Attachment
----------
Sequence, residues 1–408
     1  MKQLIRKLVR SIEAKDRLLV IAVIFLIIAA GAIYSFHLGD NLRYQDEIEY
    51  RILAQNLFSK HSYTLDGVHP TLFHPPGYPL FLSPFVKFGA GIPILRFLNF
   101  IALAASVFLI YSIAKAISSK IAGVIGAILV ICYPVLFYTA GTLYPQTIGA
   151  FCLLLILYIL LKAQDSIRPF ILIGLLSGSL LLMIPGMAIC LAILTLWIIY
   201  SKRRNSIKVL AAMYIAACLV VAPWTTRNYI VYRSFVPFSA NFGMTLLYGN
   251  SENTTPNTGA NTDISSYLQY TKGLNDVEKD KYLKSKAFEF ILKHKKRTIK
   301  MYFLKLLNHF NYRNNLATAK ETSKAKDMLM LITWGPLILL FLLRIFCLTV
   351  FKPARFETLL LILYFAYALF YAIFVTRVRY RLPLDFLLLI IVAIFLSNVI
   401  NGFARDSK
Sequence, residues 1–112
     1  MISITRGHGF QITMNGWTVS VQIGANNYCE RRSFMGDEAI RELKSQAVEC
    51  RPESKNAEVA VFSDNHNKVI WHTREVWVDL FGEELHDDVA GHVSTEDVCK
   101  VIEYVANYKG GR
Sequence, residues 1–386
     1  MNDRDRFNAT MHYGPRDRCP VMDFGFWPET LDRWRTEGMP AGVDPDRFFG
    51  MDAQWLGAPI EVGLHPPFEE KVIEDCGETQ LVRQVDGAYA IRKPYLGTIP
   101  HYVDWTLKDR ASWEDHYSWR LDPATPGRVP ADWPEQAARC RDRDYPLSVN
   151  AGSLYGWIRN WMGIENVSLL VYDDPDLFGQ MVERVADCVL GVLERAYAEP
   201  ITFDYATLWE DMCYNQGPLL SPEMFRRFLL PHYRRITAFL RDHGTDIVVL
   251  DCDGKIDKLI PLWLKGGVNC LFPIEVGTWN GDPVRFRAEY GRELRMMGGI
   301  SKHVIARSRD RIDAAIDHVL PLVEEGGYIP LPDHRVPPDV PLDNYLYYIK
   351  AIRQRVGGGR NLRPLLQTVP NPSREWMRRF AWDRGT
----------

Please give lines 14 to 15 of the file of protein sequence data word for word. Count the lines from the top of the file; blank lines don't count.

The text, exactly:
   101  VIEYVANYKG GR
Sequence, residues 1–386